While watching 60 Minutes, I saw the President’s then Chief of Staff, Rahm Emmanuel being interviewed about his life and work. He happily told the public that he works 7 days a week and only has time to see his three kids at 5:15am during his morning swim. He didn’t even mention his wife. He went on to tell us that he has been told that Chiefs of Staff never last out their terms and that he should be interviewing his successor now ( buuuuurn outttttttt). Of course he did go onto become governor but I don’t think he slowed down.
Hufffff, I said to myself…..Time Management’s reward is BALANCE in your life. This man is actually proud not to have any balance in his life. He simply works and stays healthy with a little exercise with an early morning swim so he can keep working.
Then I said to myself….”How many of us as lawyers have wished our family, friends and obligations other than work would just disappear, so we could WORK IN PEACE?” I certainly have. The burden of work can sometimes displace all other rational thinking and leave our lives so unbalanced that we wake up one day without a family, friends or all the other goodies life has to offer. Frequently the excuse is that I will just finish this piece of work and then I will have time for all the other things.
The problem, however, is that lawyering can become addictive because we frequently get a lot of goodies from practicing. We get money, colleagues admiration, and feelings of accomplishing something on a regular basis. Sometimes we are so appreciative of work that we have produced through our own marketing efforts that we extend ourselves way too far in trying to accommodate our clients.
So what’s the answer to “I wish I had more time to balance out my life”. As the song goes “all you have is time, time ” and choices. Perhaps it might help to not look at time but to look at the energy that it takes to accomplish something. How much energy does it take to prepare a Summary Judgment compared to taking your kids to the zoo? It might take about the same amount of time, but the energy needed to concentrate on writing and research is way more than getting in the car and spending the day at the zoo.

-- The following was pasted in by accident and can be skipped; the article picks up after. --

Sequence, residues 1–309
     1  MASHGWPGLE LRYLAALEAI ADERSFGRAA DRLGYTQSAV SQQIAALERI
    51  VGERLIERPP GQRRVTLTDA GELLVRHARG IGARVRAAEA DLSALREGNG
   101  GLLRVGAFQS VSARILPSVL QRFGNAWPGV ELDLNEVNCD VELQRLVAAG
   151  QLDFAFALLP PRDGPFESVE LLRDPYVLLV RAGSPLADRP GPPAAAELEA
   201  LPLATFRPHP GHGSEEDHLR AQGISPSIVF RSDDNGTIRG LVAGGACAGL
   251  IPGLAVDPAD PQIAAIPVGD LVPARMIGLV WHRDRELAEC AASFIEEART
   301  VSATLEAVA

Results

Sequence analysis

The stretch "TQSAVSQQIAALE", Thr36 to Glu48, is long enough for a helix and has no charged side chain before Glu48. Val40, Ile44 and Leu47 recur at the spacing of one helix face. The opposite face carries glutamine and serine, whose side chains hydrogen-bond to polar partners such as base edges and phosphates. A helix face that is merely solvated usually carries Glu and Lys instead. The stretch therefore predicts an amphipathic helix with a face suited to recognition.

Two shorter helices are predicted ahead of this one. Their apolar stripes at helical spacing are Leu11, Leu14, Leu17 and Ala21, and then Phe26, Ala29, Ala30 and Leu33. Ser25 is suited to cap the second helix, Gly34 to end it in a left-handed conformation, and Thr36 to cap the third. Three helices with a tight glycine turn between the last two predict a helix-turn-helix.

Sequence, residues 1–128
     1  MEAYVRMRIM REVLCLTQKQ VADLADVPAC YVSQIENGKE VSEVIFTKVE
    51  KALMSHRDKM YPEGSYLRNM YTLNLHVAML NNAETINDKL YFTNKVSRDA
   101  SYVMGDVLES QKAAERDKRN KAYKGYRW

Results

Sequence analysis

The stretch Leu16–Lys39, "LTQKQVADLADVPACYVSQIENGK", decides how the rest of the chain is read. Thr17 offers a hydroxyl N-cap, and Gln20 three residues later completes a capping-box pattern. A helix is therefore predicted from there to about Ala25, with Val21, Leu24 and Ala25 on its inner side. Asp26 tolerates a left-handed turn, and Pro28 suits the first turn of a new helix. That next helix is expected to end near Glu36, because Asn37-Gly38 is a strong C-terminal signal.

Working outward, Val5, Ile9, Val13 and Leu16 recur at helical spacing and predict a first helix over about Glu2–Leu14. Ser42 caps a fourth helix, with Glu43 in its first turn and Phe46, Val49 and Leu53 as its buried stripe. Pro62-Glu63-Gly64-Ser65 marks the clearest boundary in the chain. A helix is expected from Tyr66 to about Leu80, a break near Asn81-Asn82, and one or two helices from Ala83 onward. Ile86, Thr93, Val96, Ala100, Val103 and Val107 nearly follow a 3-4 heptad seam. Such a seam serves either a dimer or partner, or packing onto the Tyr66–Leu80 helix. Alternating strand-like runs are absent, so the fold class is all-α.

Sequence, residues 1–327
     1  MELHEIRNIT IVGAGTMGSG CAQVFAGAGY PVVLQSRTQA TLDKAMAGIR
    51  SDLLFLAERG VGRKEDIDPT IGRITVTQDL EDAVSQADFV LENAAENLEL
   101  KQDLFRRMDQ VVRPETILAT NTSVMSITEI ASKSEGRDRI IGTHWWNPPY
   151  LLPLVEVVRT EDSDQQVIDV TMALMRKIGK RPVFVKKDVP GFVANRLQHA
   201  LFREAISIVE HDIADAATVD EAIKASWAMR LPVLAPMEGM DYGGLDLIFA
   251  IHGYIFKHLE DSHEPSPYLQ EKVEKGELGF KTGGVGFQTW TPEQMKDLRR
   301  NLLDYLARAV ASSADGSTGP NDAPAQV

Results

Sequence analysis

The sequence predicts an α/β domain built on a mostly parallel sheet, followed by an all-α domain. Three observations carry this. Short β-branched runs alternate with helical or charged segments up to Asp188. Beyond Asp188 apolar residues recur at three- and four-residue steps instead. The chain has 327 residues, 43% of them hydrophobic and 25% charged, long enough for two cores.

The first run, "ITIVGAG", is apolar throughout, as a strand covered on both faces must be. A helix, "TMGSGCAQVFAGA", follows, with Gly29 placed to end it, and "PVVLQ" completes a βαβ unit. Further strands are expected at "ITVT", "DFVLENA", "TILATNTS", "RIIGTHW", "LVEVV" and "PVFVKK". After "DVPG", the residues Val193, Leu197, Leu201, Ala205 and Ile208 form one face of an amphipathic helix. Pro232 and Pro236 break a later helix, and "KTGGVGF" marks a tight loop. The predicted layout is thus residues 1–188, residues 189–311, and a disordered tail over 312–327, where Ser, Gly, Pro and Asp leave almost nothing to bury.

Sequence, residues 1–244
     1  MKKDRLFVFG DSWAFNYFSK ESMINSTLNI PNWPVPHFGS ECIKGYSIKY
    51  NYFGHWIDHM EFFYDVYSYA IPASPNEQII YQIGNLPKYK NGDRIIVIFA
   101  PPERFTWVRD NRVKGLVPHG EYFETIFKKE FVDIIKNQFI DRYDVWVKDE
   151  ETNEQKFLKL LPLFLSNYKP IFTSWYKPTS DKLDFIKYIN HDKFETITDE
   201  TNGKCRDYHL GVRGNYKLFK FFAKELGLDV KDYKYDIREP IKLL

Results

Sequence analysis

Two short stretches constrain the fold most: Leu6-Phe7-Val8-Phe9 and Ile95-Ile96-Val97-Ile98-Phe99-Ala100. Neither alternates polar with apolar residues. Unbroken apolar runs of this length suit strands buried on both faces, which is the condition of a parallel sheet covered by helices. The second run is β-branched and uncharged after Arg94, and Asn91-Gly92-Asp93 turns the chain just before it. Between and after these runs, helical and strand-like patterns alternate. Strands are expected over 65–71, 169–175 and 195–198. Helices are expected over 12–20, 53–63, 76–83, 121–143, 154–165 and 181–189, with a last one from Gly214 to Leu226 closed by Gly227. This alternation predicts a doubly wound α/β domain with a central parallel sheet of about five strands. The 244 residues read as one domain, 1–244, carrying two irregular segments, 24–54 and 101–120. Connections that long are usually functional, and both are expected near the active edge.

So maybe part of the answer is to increase your energy, not your time. If you can prepare the Summary Judgment in half the amount of time it used to take you, then you have that increased time to spend with the family, which takes less energy. Actually taking the kids for an outing might give you more energy for completing the required work because you have given your brain a rest and it can now focus better, allowing you to do the work in less time.
Certainly planning, goal setting and good time management can increase your energy, because it takes the worry out of what to do next. Just indicating what areas of your life are important is the first step. Setting goals and indicating which goals will take a lot of energy or little energy is the next step.
Unfortunately for most of us, increase in energy also has its basis in the dreaded EXERCISE. I know, I know, everyone tells you to put it in your daily calendar, just like an appointment( good luck with that one!). However, maybe if you can look at it as increasing your energy (which it does) you can look at it as giving you the ability to do your high energy tasks more efficiently and with less time. How many studies have we read that shows how exercise affects every area of your life. UGH! It’s the awful truth.
So take care and have a really high energy life …..and be sure to make that trip to the zoo so you can watch the monkeys doing funny tricks while you’re bonding with the kids.